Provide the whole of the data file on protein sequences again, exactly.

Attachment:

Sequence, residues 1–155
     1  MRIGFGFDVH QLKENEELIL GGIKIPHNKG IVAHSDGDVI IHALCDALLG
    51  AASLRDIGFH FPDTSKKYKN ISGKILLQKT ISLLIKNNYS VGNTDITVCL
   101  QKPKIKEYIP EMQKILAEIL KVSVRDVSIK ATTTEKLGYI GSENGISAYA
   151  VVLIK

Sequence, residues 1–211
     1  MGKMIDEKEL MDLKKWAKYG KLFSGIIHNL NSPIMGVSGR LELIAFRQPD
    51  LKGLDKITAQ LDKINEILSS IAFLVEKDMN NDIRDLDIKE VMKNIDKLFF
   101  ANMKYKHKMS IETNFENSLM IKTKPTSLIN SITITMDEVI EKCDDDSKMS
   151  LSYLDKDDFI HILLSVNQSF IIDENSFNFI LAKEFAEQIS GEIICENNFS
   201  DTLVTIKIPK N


Sequence, residues 1–155
     1  MRIGFGFDVH QLKENEELIL GGIKIPHNKG IVAHSDGDVI IHALCDALLG
    51  AASLRDIGFH FPDTSKKYKN ISGKILLQKT ISLLIKNNYS VGNTDITVCL
   101  QKPKIKEYIP EMQKILAEIL KVSVRDVSIK ATTTEKLGYI GSENGISAYA
   151  VVLIK

Sequence, residues 1–211
     1  MGKMIDEKEL MDLKKWAKYG KLFSGIIHNL NSPIMGVSGR LELIAFRQPD
    51  LKGLDKITAQ LDKINEILSS IAFLVEKDMN NDIRDLDIKE VMKNIDKLFF
   101  ANMKYKHKMS IETNFENSLM IKTKPTSLIN SITITMDEVI EKCDDDSKMS
   151  LSYLDKDDFI HILLSVNQSF IIDENSFNFI LAKEFAEQIS GEIICENNFS
   201  DTLVTIKIPK N